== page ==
Despite valiant efforts in the past 25 years to support women and leaders of color, a sample of the top advancement leaders reflects the painful truth: not much has changed. Today’s top advancement leaders in the largest and most successful fundraising programs are more than 60% white and male.
We cheer for all those that have made it to these positions, and know that they are highly skilled, deeply committed to being great leaders, and have persevered to the top jobs. However, while we have made some progress on advancing women in leadership roles, we have made almost no progress in advancing leaders of color to the highest paying, and most coveted positions in higher education advancement.
I hear every day from colleagues about their frustration on how to diversify the leadership in our industry, how experienced women are routinely passed over for younger, less experienced male candidates, and trying to find experienced, diverse candidates is frustrating at best. We, as a profession, are long overdue for a serious and honest discussion about the role our cultures, hiring practices, and talent recruitment efforts play in perpetuating the status quo. That is the bad news.
The good news is we can do something about it. It will not take a massive bureaucratic policy change, or a one-off strategic plan to yield real results. However, it will take focus, intentionality, prioritizing potential over experience, and elevating the standards of leadership.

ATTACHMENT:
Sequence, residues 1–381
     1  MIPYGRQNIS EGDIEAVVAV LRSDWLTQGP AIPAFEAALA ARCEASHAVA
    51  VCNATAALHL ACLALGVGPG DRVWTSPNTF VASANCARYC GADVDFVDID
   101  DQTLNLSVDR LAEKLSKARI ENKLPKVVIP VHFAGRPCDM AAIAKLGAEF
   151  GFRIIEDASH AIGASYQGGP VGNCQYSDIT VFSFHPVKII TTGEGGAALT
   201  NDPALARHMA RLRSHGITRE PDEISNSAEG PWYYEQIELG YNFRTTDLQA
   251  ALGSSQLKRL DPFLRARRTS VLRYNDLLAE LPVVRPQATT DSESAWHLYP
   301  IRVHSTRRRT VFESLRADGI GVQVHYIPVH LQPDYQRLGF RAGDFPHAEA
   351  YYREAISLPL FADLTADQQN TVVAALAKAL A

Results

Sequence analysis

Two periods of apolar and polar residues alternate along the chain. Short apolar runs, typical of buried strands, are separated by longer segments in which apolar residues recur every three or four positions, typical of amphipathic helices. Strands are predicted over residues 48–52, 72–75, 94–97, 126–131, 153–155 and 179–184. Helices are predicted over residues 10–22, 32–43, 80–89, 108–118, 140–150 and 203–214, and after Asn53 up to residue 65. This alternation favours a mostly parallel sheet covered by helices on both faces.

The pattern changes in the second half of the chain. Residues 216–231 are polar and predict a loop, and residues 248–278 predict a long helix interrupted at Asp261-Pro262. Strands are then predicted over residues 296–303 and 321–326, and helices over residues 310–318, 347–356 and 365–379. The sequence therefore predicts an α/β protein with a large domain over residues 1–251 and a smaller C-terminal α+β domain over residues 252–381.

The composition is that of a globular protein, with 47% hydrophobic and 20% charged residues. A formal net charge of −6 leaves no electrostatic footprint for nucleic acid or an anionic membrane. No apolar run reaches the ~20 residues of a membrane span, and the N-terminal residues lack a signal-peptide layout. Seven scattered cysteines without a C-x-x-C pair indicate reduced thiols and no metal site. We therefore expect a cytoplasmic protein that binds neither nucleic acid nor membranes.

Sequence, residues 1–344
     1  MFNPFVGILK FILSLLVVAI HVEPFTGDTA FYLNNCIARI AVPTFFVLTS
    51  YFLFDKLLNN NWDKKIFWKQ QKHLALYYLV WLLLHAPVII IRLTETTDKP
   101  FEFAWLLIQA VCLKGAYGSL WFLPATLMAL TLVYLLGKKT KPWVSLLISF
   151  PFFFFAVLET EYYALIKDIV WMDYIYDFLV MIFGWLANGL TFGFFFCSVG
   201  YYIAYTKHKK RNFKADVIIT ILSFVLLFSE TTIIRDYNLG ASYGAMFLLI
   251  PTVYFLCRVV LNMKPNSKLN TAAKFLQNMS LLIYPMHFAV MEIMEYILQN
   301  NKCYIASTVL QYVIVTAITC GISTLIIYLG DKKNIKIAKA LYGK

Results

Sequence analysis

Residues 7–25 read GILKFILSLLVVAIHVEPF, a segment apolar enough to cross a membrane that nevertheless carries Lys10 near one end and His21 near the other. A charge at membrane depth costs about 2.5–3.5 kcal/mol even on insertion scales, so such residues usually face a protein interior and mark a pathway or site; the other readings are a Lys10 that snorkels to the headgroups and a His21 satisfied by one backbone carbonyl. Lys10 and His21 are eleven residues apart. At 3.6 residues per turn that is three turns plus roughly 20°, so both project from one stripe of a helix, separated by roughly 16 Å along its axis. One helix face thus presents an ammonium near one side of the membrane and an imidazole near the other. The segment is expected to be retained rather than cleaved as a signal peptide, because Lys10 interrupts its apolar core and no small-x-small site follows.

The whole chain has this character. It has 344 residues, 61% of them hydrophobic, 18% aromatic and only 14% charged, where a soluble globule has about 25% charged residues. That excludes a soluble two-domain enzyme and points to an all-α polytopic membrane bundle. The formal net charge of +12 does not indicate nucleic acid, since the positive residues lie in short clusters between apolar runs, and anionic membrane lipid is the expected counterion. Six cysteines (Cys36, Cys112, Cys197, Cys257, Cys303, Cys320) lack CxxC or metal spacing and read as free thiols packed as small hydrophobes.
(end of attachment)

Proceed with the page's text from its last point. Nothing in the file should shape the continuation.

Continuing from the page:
Increase the number of women and minorities in your finalist pools.
In 2016, it was found that if there is only one woman in your pool of candidates – there is statistically zero (0%) chance she will be hired. The same holds true for minority candidates. “The odds of hiring a woman were 79.14 times greater if there were at least two women in the finalist pool (controlling for the number of other men and women finalists). …The odds of hiring a minority were 193.72 times greater if there were at least two minority candidates in the finalist pool (controlling for the number of other minority and white finalists).” (Johnson, Hekman, & Chan, 2016).
We have all heard the excuse that “there aren’t enough diverse leaders out there to attract.” If you are still doing your talent recruitment that way you have always done it – how could you expect to get a different result?
Get talent recruitment out of HR.
When I was responsible for sourcing and recruiting major gift officers as part of my role in advancement, it was easy to find high potential women and diverse candidates to join our team. I prioritized potential over experience.
Much like the “shiny bauble” or latest and greatest business idea, we need to distinguish potential from experience in our talent pools. The pandemic has changed the hiring dynamic for employees. It used to be that the employer held the power and control of when and where we worked. Not anymore…that dynamic has shifted. Changing your focus and processes to identify potential leaders will be critical to having the right individuals wanting to work for you, when you need them, and when they are ready to make a move. Identifying, qualifying, engaging, and cultivating a relationship with talent prospects – for the critical positions you need to fill in the next 1-3 years, will make all the difference in how successful your team will be.